In terms of the financial impact on Eaton Vance, it's certainly hard to ascribe a direct financial impact of this. It is certainly conceivable that funds could de-lever as a result of this. It's hard for us to support that, given that even at current somewhat higher cost of financing, the funds enjoy a positive spread... a positive carry on their investments that are financed using leverage. So, it's kind of hard to argue that it's in the interest of the fund to de-lever to reduce their assets and reduce their income earning potential to take out at the preferred holders, given that that's not an explicit right that they have. So again, it's trying to achieve the right balance.

But it's... beyond that, it's hard to say what potential negative benefit there might be on Eaton Vance financials. Our stake in this is pretty straightforward. We manage these funds in exchange for a fee. That is a stated percentage of assets. To the extent that the assets of the fund don't change materially, there is no direct financial impact on Eaton Vance. It's not to say that we don't view that as a very important development and are not working hard to try and achieve solutions.

Bill Katz - Buckingham Research

Thank you.

Operator

Our next question comes from Ken Worthington with JP Morgan. Please state your question.

Ken Worthington - JP Morgan

Hi. I was curious to see how the sales progressed throughout the quarter, especially in the areas that we have a difficult time tracking, being the managed account in the institutional. And implicit is basically a lot of your business... the market environment has changed throughout the quarter in a number of your business, the municipal bond market has changed, the bank loan market has changed, the equity market has changed. So, just flavor in may be how January was versus November or December?

Thomas E. Faust, Jr. - Chairman, President, and Chief Executive Officer

January was a pretty good month. We look at... if you look at our overall fund or managed account net sales, which I think is what you're asking about, we actually did better in January than we did in December and we did better in December than we did in November. So, that's on the fund side.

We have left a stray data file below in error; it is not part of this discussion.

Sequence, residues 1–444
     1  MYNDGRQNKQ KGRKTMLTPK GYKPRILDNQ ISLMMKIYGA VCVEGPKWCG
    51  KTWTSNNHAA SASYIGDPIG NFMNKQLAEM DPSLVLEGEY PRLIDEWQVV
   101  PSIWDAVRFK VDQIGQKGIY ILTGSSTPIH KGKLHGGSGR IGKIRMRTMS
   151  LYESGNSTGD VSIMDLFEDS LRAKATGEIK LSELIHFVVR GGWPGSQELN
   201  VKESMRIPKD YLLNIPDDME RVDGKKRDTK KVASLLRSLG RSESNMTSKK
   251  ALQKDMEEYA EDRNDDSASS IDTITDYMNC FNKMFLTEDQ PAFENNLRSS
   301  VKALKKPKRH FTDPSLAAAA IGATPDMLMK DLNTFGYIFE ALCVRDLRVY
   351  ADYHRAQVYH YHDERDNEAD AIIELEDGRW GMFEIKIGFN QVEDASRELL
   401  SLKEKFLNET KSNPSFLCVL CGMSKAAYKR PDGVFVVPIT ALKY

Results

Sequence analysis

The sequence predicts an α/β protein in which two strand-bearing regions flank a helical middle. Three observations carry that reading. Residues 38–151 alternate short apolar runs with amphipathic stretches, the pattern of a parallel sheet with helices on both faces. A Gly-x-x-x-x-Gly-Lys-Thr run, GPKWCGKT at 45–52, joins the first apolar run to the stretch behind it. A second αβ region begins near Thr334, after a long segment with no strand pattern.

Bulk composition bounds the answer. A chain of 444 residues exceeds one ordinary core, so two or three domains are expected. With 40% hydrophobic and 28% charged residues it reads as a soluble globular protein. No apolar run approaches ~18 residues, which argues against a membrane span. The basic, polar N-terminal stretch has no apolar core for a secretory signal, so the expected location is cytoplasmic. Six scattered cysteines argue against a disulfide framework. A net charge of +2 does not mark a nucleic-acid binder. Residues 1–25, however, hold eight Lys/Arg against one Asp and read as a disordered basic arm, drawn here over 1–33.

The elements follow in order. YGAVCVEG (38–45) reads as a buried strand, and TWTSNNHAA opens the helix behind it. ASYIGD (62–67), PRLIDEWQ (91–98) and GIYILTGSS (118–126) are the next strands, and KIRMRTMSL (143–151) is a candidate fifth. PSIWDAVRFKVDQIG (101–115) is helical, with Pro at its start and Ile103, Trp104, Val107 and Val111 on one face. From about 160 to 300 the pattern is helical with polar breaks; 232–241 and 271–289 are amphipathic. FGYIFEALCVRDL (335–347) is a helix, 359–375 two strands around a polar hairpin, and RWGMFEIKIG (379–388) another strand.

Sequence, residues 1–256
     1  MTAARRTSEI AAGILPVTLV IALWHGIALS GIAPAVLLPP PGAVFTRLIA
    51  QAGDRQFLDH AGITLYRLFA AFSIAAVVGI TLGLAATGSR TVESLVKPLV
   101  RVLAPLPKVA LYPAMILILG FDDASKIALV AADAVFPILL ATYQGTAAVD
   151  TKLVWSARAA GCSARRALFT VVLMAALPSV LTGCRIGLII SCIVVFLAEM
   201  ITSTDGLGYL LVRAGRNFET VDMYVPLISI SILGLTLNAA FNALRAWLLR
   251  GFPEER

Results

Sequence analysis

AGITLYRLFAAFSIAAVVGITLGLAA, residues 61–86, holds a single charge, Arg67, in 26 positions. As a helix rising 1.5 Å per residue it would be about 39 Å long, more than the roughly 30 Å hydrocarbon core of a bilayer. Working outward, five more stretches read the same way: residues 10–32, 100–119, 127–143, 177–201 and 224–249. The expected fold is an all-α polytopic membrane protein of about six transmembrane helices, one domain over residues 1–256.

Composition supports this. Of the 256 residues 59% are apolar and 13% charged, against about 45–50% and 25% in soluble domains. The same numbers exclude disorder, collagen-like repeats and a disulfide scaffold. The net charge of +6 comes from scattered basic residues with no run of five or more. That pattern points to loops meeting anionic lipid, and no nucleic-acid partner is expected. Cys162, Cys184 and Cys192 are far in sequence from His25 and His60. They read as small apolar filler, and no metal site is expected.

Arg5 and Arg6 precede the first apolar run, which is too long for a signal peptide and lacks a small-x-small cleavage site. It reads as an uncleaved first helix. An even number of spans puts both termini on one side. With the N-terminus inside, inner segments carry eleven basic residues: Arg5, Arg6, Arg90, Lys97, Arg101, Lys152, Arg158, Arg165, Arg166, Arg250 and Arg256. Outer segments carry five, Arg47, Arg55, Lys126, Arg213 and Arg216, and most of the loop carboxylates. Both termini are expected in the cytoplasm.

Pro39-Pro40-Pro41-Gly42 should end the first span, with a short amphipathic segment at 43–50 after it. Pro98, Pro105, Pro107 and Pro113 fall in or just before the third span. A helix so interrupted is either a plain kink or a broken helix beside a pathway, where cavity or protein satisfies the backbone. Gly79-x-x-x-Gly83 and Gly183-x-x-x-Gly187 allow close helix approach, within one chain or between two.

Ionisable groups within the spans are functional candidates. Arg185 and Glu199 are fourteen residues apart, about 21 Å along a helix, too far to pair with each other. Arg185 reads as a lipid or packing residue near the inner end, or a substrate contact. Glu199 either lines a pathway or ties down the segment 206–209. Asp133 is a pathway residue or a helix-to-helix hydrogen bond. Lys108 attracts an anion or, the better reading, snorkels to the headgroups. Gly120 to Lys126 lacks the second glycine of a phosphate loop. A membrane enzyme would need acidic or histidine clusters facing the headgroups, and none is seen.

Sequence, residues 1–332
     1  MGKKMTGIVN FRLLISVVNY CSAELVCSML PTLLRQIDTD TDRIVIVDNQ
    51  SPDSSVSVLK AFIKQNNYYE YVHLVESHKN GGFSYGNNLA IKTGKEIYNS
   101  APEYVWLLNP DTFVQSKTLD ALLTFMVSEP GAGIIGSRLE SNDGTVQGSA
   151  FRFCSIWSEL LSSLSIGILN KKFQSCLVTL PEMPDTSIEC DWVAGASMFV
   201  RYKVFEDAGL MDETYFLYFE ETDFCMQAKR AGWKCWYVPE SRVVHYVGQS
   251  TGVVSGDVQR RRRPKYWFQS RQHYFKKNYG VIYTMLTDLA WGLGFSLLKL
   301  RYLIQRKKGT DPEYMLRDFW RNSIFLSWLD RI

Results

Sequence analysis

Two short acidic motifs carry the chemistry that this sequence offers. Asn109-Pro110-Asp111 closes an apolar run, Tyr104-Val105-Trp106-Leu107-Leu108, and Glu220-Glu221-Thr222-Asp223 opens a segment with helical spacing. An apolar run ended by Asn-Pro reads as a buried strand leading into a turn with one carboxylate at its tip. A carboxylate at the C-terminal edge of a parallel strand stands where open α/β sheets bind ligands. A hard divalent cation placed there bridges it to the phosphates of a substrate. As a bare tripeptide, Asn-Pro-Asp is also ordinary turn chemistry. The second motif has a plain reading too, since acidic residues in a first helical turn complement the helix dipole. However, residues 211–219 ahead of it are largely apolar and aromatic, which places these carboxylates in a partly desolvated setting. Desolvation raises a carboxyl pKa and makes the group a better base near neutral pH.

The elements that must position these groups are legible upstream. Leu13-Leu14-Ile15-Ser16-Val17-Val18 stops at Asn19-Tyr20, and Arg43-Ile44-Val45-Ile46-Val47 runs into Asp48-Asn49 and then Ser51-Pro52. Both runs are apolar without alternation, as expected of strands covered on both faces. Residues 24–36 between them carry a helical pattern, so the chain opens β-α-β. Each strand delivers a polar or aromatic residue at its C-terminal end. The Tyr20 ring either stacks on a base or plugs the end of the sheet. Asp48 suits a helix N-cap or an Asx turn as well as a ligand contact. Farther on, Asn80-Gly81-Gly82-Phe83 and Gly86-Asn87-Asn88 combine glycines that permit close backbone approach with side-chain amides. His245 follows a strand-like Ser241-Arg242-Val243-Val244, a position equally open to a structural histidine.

On the separate account side, the retail SMA side, it wasn't quite that way. The best month was January, the second best month was November, the third best month was December in the period. So our retail business really continues to crank along. And I think one of the reasons why we think those results might be a little bit at odds with what others are reporting and perhaps what even others might have expected is that we have got a very strong performance. And our market share is small and there is still plenty of money being invested in U.S. equities, and value investing, and equity income investing where we have large franchises that are bringing in big flows, and we've been winning new mandates not only on the institutional side, but importantly in our fund and separate account business where we've been able to represent that we've got a better performance record and teams that... whose investment approach made sense and we've been able to win new business. So it wasn't... there wasn't a fall off as the quarter progressed. In fact, it was quite the opposite.

Ken Worthington - JP Morgan

And then, for munis and bank loans?

Thomas E. Faust, Jr. - Chairman, President, and Chief Executive Officer

Well, those were the... the numbers I just gave you are composite numbers that would include munis, bank loans, as well as equities and everything else.

Ken Worthington - JP Morgan

Okay. Thank you very much.

Operator

Our next question comes from Craig Siegenthaler with Credit Suisse. Please state your question.

Craig Siegenthaler - Credit Suisse

Thanks. I just have a specific question on the bank loan market. Last quarter, your language on this market was actually fairly constructive, I thought, and loan price is now becoming cheaper. I am wondering if you believe loan prices are close to a low here, or is there another down leg which could be mean that there could be another quarter or two of outflows in the bank loan business?

Thomas E. Faust, Jr. - Chairman, President, and Chief Executive Officer

Yes, I think what we are comfortable saying is that we see a clear disconnect between basically continued strong fundamentals in the market. We in the commentary cited a 1% current default rate, which is at or near record high... record low level, but we recognize that the economy is weakening and that that's likely to change. But for any sort of reasonably likely scenario in terms of what the coming economic downturn might look like, we think at a range of call it $0.89 on the dollar, the bank loans represent very good value.

I don't think we are going to say that this is the bottom. We thought they looked cheap three months ago at prices in the mid 90s with very similarly strong underlying fundamentals. We can say that prices today for loans in general are well below the lows achieved in the last downturn in 2002. So, we are in on uncharted water here. I think it's difficult to call the bottom, particularly because what we are seeing is not driven by fundamental factors, so much as it's driven by supply demand issues related to the broader financial health of major U.S. financial institutions. And so, we think loans are a great buy here today, might they be a better buy in three or six months, I wouldn't want to call that.